"This is a national security issue. This isn't about, you know, Barack Obama versus the Congress. This isn't about Republicans versus Democrats," he said. "I think when members of Congress get the information about the sarin gas attack...I think that Congress will rise to its...constitutional responsibilities to provide for the general defense of the United States."

To those who have questioned the wisdom of seeking congressional approval, as some in his party have done, Rogers asked, "Why shouldn't Congress share in the responsibility? ...If you believe in the Constitution of the United States that firmly puts...the responsibility for Congress to provide for the general defense, that means that we're involved in this discussion. And we should be."

Sen. Chris Murphy said on NBC's "Meet the Press" that he enters the debate "as a skeptic, but I'm going to allow the administration to make its case this week."

Ultimately, Murphy predicted, "I think Congress passes the authorization."

The show of optimism from some, however, was contested by other lawmakers who remain deeply skeptical that Congress will endorse the use of force in Syria.

Sen. James Inhofe, R-Okla., was asked on Fox News whether lawmakers would ultimately approve the resolution sanctioning military action, and he flatly declared, "I don't think they will."

Inhofe said he personally opposes the use of force, in part because of what he called the "degraded" condition of the U.S. military after more than a decade of war.

"Nobody wants to talk about the real serious problem here, and that is the condition of our military today," Inhofe said. "I said I would oppose going in and having military intervention against Syria. It may sound real easy when people like Secretary Kerry say this is going to be quick and we'll go in and we're going to send a few cruise missiles, wash our hands and go home. It doesn't work that way. This could be war in the Middle East."

Rep. Peter King, R-N.Y., a hawkish Republican who has criticized President Obama's decision to seek congressional approval, said on Fox News that he plans to vote in favor of U.S. involvement in Syria, but worried it would be "difficult" to persuade a majority of his colleagues to follow suit.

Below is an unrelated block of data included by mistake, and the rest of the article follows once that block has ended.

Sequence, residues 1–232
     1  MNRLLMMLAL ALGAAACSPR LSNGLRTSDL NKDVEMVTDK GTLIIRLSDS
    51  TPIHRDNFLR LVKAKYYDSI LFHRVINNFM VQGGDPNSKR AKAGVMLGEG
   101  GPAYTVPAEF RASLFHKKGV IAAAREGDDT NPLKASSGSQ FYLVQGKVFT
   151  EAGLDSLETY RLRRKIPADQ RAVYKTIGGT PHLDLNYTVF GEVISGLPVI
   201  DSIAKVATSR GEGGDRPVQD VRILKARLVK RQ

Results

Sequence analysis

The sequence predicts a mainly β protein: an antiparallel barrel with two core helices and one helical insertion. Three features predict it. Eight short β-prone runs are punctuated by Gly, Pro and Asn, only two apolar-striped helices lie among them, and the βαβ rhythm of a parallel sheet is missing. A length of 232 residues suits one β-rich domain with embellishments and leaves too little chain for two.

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"The president has not made the case. When they see the president being so weak and vacillating, many members of Congress will vote no," he said. "If the vote were today, it would probably be a no vote. I'm hoping by the time next week comes around, and hopefully, the president can make his case, that he will be able to get a majority of the House of Representatives."

Sen. Rand Paul, R-Ky., told NBC's "Meet the Press" that it's a "mistake" for the U.S. to involve itself in Syria, signaling a likely vote against the resolution, but he applauded the president's decision to seek congressional approval.

Paul predicted the Senate would "rubber-stamp" the president's push for U.S. intervention, but said the outcome in the House is more uncertain - "50-50," in his estimation.

Sen. John McCain, R-Ariz., who has generally urged greater U.S. involvement in Syria, declined on "Face the Nation" to stake out a definitive position on the resolution, saying he needs to see a strategy that will further U.S. goals before voting in favor of a military strike.

He warned, however, that the consequences of the resolution's potential failure could be "very, very serious," dealing a heavy blow to America's resolve and our image in the world.

McCain's old friend, former Sen. Joseph Lieberman of Connecticut, buttressed the Arizona Republican's argument on Fox News.

"The worst of all ends to this whole saga would be for Congress not to give the president authority to act," he said. "It would be catastrophic. And I know there are going to be people in the Republican and Democratic parties, who, for policy reasons, will oppose the resolution the president has asked for. There are going to be others who are going to be tempted to hang the president out there by voting no."

"When they do that, they are not just going to be hanging the president out there, they're going to be hanging America out there, and compromising our credibility in the world," Lieberman explained. "So I appeal to my fellow members of Congress - give the president the authority he's asked for."